Image from the Library of Congress; audio of Sousa's International Congress Fantasy from the United States Marine Band's recording The Heritage of John Philip Sousa, Vol. 2.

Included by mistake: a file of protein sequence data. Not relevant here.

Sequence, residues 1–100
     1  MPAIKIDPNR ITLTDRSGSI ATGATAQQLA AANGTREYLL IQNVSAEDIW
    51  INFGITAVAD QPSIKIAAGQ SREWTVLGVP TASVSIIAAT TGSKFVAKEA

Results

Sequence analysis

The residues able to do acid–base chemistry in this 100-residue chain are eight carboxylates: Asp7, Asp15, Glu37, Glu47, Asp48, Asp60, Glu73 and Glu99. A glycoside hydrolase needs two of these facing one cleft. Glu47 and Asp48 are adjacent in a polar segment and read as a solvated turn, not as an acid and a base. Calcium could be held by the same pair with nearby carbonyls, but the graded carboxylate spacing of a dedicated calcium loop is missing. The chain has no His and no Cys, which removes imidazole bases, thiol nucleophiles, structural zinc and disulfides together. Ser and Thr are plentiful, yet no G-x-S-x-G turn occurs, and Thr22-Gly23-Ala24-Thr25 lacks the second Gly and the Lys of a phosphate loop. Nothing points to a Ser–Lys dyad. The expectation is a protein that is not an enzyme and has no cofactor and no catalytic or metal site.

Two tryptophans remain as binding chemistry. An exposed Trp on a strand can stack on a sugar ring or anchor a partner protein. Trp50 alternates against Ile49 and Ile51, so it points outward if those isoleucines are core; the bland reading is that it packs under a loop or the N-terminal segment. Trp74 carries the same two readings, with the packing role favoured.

Yes, it's John Philip Sousa's arrangement of "The Star-Spangled Banner" in the manner of the Tannhäuser Overture, written for the Chicago World's Fair. Sousa was adapting older material here; his International Congress Fantasy, an elaborate fantasia on national airs composed for Jacques Offenbach's concerts at the 1876 Centennial Exhibition in Philadelphia, ends with much the same music. Sousa was young and little known at that time, and his slyly Wagnerian take on the future national anthem was eclipsed by the famously mediocre and expensive Centennial March that Wagner himself penned for the occasion. There are many more Wagnerian oddities from the early days of recording in the Library of Congress Jukebox, as I've pointed out before; perhaps the oddest is Sousa's attempt at perking up the apocalyptic transformation music from Act III of Parsifal. "My two most popular pieces are the ‘Tannhäuser Overture’ and the ‘Stars and Stripes,'" Sousa said in 1899. "Wagner was a brass band man, anyway.”